Conclusion and a look ahead

    This month we've tackled the easy part of date math. More complex issues, to be addressed with more powerful tools in a future issue, include questions like “what is last day of next month?” or “what date is one month before cousin Max’s third birthday?”

    Trap of the Month – Be careful when entering the Year

    If you're dealing with “current” dates, you may omit the century. Entering the year as 2007 and 07 will get the same result. If you enter 99, Access will think you're talking about 1999. If you enter 10 for the year Access will think that you're talking about 2010. You have to be careful here, because if you enter 30 as the year, Access will think you mean 1930, when you may intend 2030.

    As a general rule, your best bet is to use 4 digits for the year. Different versions of Access interpret two digit years differently. In some cases, Access will interpret things in an unexpected manner, especially during years with a February 29, which have a surprising level of complexity.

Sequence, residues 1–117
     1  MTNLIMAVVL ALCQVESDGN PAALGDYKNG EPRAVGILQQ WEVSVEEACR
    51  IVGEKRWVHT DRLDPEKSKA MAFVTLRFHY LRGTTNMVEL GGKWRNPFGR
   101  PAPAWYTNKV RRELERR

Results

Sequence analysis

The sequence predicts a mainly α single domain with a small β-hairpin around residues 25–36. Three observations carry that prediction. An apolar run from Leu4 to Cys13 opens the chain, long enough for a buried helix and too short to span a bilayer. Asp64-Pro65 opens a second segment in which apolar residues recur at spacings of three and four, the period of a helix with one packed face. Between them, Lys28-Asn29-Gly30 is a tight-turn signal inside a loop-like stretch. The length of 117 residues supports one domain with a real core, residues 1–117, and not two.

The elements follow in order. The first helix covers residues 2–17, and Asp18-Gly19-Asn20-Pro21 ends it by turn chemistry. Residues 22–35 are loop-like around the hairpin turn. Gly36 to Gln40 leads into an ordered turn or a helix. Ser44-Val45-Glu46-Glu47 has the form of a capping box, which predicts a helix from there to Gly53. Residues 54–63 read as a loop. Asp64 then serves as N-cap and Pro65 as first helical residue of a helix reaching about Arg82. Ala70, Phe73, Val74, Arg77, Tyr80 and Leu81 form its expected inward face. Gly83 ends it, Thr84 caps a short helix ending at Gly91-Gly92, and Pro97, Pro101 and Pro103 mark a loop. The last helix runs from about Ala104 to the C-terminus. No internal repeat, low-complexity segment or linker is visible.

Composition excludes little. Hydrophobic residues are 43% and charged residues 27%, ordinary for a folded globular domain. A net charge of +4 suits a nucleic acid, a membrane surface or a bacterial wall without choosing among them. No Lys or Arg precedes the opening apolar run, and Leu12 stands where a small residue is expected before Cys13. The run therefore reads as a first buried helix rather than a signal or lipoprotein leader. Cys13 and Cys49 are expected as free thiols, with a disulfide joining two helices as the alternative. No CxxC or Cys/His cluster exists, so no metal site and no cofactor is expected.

Gratuitous Date Jokes

    Have you lived here all your life? Not yet.

    How many birthdays has a 97 year old man had so far? One

    A boy is about to go on his first date, and is nervous about what to talk about. He asks his father for advice.

    The father replies: "My son, there are three subjects that always work. These are food, family, and philosophy."

    The boy picks up his date and they go to a soda fountain. Ice cream sodas in front of them, they stare at each other for a long time, as the boy's nervousness builds.

    He remembers his father's advice, and chooses the first topic.

    He asks the girl: "Do you like spinach?" She says "No," and the silence returns.

    After a few more uncomfortable minutes, the boy thinks of his father's suggestion and turns to the second item on the list. He asks, "Do you have a brother?" Again, the girl says "No" and there is silence once again.

    The boy then plays his last card. He thinks of his father's advice and asks the girl the following question: "If you had a brother, would he like spinach?"